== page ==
« PreviousContinue »
all sciences the deductive metaphysical is the most barren, but it has always fascinated the contemplative, and as first in such science we must still place the Greek amongst the immortals. Alone to stand with these demi-gods of a past world is our own glorious Lord Bacon. In the realms of thought is he alone their peer. And he thus takes pride of place not so much that he would challenge what they taught as that he was the first to realize that new conditions now governed. It was not so much against Greek thought in its purity that he rebelled as against Greek thought as viewed and interpreted by an ignoble age. At Marathon we see the human race in one of the culminating points of its greatness, finding expression in its religious ideals, in the writings of the Jew, and in all else in the supremacy of the Greek. His fortunes are to be ever-changing, but there is to be little variation in its supreme influence on man himself. Since Marathon man had been more or less on the downward grade. Hellenism was but the distribution, not the development of that marvellous culture until, with ever-increasing velocity, he reached the miserable depths of our own black dark ages. The ignorance and grovelling superstition of those days, when to be dirty was to be holy, is almost past credibility. Well for the world's good fame had that millennium of years been blotted out. And then once more this old Greek thought bursts on mankind in all the fulness of its ancient brilliance. With its recovery our dark and middle ages pass away and our modern world has birth. And now we witness a new departure which with amazing prophetic instinct the prescience of the seer, Lord Bacon, had been first to sense and realize. The world we live in is the world he saw; the world in which he would have been far more at home than in his own. He was weary of a world of talk. Man's story had become talk, talk, nothing but talk. Mindless, aimless, brainless talk. That it took a religious cast was that the man was worthless, not his faith. A man found in his belief what he sought-himself; and
a sorry find. And Bacon revolt from these dark ages was anxious to get to realities of life. And thus his attitude to the old Greek philosophies, alike with the Bible itself, prostituted to the same base end, the all in allness of talk. And he craved for facts. But we must read his teaching in the light of times when notions, nonsense, and absurdities had to do duty for facts. This is the reverse of the position to-day; probably the reverse of the position of the old Greek himself before he also degenerated. In the heyday of his powers we see him not only with marvellous powers of mental analysis but also with Bacon's same insatiable appetite for knowledge--for facts as well. So ever is born upon us, Life is not philosophy alone nor conduct alone; not theory alone nor facts alone; but the momentum of the two. Now we have the swing of the pendulum in this direction, now in that. Now to-day facts so accumulate that we are simply overwhelmed with them, and above all our need is for another Bacon or Aristotle to collect and ordinate them, and above all see them in their true relation one to another. Our world is very much as a watch. Many to master every separate wheel, but we sadly need the comprehensive intellect of a Plato or a Bacon to master the watch as a whole. Starvation was the mode of their day; abundance, and still more abundance the gift of God to man of these times. And it is oh! for a teacher to tell us how to use it wisely; not to dissipate it in indulgence; not to fritter it away in idleness; not turn it into a curse in huge armaments; not lose its benefits in piled-up treasuries; not exhaust it in “a multitude of unprofitable children”; but to use it as God would have it used in making man a better, holier, and happier creature and more worthy of the great vocation to which undoubtedly he has been called.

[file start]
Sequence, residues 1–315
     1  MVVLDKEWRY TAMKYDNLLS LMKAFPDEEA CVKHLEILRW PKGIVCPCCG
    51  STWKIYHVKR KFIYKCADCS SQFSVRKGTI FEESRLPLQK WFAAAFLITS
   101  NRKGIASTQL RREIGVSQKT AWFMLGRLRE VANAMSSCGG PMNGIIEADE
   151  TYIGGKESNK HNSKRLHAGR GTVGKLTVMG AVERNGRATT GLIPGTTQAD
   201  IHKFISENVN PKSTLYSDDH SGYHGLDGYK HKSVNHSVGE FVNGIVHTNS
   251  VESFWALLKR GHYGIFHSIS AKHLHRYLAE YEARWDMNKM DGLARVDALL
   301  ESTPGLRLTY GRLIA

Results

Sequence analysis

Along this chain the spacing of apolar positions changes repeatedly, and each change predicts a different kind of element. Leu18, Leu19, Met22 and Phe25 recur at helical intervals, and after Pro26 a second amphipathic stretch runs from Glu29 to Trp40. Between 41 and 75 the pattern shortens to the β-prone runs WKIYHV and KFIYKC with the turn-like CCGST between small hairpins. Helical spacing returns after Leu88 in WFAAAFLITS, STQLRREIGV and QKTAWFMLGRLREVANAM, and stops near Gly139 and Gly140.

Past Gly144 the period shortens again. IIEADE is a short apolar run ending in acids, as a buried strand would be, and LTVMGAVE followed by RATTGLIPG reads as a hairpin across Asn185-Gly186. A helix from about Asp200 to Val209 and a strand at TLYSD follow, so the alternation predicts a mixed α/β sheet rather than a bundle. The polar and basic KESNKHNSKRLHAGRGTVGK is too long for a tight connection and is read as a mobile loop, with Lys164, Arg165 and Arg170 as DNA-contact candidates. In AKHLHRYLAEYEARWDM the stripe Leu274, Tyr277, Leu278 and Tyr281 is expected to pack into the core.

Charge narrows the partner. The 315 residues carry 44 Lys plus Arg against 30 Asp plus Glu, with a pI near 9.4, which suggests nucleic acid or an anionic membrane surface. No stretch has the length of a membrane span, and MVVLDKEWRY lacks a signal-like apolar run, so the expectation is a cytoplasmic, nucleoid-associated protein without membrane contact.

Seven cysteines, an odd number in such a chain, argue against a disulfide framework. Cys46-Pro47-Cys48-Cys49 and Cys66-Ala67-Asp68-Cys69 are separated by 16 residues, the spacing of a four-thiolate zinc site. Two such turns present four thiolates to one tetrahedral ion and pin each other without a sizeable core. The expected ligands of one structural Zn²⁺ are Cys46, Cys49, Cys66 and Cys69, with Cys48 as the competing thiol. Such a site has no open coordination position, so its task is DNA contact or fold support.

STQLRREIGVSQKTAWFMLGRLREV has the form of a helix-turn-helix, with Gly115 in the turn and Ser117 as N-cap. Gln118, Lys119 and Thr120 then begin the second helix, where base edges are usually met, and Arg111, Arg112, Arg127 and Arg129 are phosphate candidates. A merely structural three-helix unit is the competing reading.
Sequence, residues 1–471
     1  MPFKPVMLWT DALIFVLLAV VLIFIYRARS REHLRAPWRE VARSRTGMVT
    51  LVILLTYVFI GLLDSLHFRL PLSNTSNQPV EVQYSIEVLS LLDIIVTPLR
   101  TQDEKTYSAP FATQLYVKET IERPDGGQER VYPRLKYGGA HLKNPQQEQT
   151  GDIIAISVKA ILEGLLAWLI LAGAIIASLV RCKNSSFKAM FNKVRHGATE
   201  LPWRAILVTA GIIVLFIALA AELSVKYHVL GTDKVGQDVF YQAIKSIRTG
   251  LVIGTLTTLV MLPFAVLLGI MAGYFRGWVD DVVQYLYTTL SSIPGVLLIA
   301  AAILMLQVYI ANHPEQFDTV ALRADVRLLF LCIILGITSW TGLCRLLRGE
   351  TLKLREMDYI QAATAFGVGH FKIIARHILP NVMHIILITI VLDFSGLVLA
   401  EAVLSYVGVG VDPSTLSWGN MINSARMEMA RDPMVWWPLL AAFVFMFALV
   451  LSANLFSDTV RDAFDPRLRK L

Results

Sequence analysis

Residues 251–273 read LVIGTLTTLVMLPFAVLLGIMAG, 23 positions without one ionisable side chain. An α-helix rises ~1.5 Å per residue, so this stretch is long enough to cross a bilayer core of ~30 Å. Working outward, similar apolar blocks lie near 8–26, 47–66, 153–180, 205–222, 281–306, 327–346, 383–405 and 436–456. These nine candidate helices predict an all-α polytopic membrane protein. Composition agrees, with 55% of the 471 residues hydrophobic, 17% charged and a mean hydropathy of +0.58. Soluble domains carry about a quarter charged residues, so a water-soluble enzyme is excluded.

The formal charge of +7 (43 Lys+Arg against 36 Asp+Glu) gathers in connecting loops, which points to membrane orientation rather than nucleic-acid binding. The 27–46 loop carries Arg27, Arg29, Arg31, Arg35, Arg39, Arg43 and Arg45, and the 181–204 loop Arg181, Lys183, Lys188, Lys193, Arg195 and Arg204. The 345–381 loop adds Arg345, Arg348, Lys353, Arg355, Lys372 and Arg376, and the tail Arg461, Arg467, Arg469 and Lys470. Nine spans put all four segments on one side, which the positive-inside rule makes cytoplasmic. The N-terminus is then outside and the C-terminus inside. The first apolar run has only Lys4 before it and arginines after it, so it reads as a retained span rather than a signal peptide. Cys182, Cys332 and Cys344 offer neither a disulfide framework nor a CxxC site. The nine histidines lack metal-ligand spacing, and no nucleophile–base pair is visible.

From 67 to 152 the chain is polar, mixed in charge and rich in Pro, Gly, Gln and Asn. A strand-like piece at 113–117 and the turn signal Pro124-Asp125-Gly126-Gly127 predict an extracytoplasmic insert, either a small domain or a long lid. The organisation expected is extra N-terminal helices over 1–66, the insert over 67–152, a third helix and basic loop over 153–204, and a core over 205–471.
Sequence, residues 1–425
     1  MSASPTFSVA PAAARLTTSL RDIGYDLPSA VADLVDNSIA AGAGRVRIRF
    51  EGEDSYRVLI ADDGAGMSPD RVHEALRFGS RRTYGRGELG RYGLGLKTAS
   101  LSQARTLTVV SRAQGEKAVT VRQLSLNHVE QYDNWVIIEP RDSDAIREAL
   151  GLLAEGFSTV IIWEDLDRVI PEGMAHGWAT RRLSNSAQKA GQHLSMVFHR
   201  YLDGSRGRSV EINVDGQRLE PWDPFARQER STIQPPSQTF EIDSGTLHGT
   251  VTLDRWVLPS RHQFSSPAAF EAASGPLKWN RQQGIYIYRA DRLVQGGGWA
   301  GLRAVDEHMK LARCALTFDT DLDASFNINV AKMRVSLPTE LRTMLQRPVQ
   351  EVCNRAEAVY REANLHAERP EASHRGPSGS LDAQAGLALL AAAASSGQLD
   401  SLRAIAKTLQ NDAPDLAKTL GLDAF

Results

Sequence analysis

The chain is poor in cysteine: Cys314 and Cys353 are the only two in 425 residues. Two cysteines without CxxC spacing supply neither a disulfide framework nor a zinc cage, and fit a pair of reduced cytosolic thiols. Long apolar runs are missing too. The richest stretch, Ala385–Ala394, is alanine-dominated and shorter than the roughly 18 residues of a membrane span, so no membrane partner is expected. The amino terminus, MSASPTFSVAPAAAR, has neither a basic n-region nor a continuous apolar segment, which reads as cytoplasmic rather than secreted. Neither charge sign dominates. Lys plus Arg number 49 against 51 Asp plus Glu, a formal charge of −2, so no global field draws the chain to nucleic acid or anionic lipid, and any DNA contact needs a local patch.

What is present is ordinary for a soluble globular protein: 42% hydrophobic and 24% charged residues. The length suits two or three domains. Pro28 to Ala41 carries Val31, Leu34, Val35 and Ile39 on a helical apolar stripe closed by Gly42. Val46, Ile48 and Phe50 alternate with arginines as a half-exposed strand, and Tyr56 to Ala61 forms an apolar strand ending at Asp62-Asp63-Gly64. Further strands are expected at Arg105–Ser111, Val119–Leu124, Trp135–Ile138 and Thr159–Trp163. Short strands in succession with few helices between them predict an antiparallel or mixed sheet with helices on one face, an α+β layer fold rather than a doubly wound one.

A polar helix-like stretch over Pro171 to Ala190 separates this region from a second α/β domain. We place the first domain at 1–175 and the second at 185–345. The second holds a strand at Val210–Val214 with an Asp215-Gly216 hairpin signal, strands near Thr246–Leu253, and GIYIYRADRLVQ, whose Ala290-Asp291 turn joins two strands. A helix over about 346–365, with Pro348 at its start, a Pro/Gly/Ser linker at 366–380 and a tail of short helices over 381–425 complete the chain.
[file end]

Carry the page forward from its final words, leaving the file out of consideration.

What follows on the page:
5. We have thus dwelt upon the intellectual results of Alexander's triumphs, but not because they had not other most vital consequences as well. As mere conquests the changes effected were striking and farreaching, and in passing have to be touched upon. From his day new dynasties were to be given to a conquered mankind. Hitherto the ruling families had been mostly of those who traced their descent to the legendary heroes and demi-gods of a previous age. With his death, B.C. 323, a few years finds his empire divided amongst his generals from whom for the future until Rome overmasters all—sovereignty is alone to be derived. They were the founders of kingdoms through whom all later rulers were to establish their claims. Rare were the occasions when their position was challenged by any of the ancient houses, so completely had the new supplanted the old régime. In the break-up of the empire geographical considerations mostly determined the limits of the sub-divided monarchies. These changed with the evervarying fortunes of the respective possessors, but roughly we note a general persistence in main outlines. Thus one we see established in Macedonia and adjacent parts; another has a kingdom virtually coextensive with Thrace and much of Asia Minor; a third, Seleucus, secures Babylon and along with it much of the old Persian Empire; whilst to Ptolemy fell Egypt, and he heads a dynasty only to end with the death of Cleopatra, so famous in story. Marking these changes, we see how aptly the year B.C. 300 serves to divide ancient history into the two masses we have mentioned-Pre-Alexandrian and PostAlexandrian times.